First, a definition.
Contrarian: A person who takes an opposing view, especially one who rejects the majority opinion.
Why do some get so upset when others ask the simple question of why? Is it simple fear of those they consider antagonists or contrarian? I hope not. Being bold enough to ask why is the bedrock of invention, of science, of basic discovery.
Every over-the-road owner or operator should be ready to ask why when they look at a settlement and notice they have been charged for something, or not reimbursed or paid for something else. As most owners know, no doubt, if you are not willing to ask why, companies (some on purpose, some not) will nickel-and-dime you to death when you work in an industry built around the flow of money to and from service providers, where nickels and dimes quite quickly add up.
When I finally got to college for the first time as an undergrad, after 28 years' worth of a post-high school working career, much of it behind the wheel, I found I had to take courses in how to frame an argument. These courses were required of all students in order that they learn how to apply critical thinking skills. Yet, I ask: Why is it that all students aren’t taught these skills well before they get that far along in the education journey? Is our society and primary educational system failing so many of us that learning basic critical thinking is now only the province of those who choose collegiate education?
Learning is more than just knowing the facts; it’s questioning the facts. It might sound counterintuitive, but I feel fortunate to have been raised in an era of turmoil, unrest, and change -- contrarians raised questions over high-profile issues like the Vietnam War, the assassination of Kennedy, racial discrimination and more, in a high-profile way. From these contrarians we have a better vision of equality, not to mention a wave of music that moved our souls.
A generation was raised that birthed the personal computer, the iPhone, questioned authority and generally made advancements beyond what had previously been dreamed of as possible.
Farther back, asking why gave us well-known innovators like Benjamin Franklin and others among America’s Founding Fathers, inventors like Thomas Edison and Alexander Graham Bell, Ford Motor Company founder Henry Ford, and Edward Jenner, who pioneered the concept of vaccination, leading to the eradication of smallpox.
Asking why is the reason leading figures in the history of psychology like Carl Jung, Abraham Maslow, and Sigmund Freud were able to give us a better understanding of human nature. Do I agree with everything Freud had to say? No, but that is the point. Because I do not agree with everything he taught us, I am propelled to ask why.
You should be questioning why fuel prices are so crazy, and the forces -- market-driven and political -- that make it possible. You should question why truckers pay higher tax rates than Joe four-wheeler, or why you not only pay taxes meant for roads at the fuel pumps but often enough toll fees, too.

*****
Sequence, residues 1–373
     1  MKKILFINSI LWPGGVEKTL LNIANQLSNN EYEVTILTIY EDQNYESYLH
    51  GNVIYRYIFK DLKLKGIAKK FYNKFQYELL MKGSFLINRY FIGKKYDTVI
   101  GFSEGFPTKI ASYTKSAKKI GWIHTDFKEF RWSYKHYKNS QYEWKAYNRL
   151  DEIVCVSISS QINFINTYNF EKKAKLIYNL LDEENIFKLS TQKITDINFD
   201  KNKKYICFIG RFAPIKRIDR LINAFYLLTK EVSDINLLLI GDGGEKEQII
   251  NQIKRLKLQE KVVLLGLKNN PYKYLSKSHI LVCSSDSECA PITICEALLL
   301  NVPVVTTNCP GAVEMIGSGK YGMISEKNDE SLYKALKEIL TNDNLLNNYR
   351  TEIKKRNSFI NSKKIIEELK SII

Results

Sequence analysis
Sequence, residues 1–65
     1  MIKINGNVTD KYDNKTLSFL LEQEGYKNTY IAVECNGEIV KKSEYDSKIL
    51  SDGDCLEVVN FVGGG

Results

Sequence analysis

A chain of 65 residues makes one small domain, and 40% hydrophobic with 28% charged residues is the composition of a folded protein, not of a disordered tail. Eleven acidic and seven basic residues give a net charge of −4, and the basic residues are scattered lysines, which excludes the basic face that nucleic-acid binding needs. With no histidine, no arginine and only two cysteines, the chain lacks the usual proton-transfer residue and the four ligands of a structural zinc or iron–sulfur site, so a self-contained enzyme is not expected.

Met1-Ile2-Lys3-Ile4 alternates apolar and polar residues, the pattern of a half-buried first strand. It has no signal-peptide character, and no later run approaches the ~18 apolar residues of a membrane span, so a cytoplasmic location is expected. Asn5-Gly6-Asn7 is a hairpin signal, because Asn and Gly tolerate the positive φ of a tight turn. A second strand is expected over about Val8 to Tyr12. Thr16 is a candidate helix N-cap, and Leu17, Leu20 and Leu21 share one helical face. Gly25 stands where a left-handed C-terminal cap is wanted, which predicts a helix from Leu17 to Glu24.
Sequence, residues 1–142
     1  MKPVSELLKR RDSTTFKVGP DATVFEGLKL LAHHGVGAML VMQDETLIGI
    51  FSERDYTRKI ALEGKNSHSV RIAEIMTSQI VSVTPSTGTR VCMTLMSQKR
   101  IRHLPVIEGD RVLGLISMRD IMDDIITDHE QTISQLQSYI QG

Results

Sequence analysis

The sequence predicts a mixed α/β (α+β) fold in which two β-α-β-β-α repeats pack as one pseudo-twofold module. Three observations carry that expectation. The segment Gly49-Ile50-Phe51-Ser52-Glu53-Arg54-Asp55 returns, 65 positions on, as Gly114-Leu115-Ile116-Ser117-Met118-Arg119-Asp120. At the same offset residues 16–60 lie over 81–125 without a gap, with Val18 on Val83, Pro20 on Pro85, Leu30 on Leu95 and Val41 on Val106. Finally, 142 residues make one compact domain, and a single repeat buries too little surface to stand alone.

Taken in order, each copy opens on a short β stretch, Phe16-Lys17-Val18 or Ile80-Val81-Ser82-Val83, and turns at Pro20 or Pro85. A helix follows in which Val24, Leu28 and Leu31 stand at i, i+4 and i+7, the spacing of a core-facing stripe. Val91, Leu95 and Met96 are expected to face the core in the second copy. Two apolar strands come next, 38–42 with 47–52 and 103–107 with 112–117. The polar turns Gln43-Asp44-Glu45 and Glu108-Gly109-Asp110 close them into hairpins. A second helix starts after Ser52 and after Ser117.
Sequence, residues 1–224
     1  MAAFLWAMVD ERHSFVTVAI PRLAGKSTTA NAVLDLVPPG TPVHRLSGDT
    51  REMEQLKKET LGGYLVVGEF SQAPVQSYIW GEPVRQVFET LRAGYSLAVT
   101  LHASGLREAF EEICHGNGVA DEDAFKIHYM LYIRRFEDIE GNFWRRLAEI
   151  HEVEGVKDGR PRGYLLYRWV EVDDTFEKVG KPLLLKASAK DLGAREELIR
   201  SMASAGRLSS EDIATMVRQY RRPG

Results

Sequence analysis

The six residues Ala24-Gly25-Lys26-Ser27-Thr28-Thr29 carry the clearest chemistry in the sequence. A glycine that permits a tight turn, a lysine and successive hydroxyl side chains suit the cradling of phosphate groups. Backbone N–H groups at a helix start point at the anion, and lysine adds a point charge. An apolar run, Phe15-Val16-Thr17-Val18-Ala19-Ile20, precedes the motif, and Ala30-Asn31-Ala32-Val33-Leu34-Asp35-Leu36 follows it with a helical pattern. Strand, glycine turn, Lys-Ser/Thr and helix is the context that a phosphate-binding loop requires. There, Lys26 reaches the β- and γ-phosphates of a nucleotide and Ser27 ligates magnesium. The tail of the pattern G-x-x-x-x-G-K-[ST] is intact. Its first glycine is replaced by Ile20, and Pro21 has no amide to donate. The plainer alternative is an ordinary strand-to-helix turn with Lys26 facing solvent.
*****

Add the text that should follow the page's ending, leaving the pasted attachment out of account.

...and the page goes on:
Ask the fundamental questions and who knows but that you will be the next innovator -- like Bruce Mallinson, owner of Pittsburg Power, a leader in truck repair, or like the Mack brothers who brought us Mack trucks. Do not think such things are out of reach, that only people like Elon Musk can accomplish such things. All you need is a dream, the drive to make it happen and the nerve to ask why.
[Related: Thinker-tinkering: Inventors among the trucker set]
If you are a business owner and you do not ask why when the question arises, I can guarantee you will be taken advantage of, charged something outrageous for repairs or towing, or pressured to take unsafe risks when in your heart you know you shouldn’t. I am not saying go out and cop an attitude and seek confrontation above all else -- ask why, weigh all the facts, and form your argument in order that your perspective can be understood. Step out of the herd and blaze your own path.
One of the things I’ve always loved about trucking across this great country of ours is envisioning the trek the pioneers took as they crossed it, looking to realize their dream. Simply because they dared to ask why they were here, then what was possible, they opened this country to progress and innovation and became the foundation upon the bedrock the founders laid.
Yes, asking why breeds other questions: How can this be done better? How can we get to the goal? I can remember back in 1969 lying in front of our black and white television and watching the first moon landing all because someone dared to ask why and how it could be done. A why question is the largest end of a funnel that leads to another question, then another, and another, until you have exhausted all unknowns and have discovered the ultimate answer for yourself.
Without the willingness to ask and, ultimately, take control, you are simply at the mercy of others.
[Related: 'Cancelation,' and the First Amendment's rope-a-dope with U.S. culture]